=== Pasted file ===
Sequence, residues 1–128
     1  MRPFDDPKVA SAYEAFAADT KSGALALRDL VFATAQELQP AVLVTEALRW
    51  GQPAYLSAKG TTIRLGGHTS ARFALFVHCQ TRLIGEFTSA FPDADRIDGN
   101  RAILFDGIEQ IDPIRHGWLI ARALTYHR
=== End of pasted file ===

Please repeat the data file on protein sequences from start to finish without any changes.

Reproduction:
Sequence, residues 1–128
     1  MRPFDDPKVA SAYEAFAADT KSGALALRDL VFATAQELQP AVLVTEALRW
    51  GQPAYLSAKG TTIRLGGHTS ARFALFVHCQ TRLIGEFTSA FPDADRIDGN
   101  RAILFDGIEQ IDPIRHGWLI ARALTYHR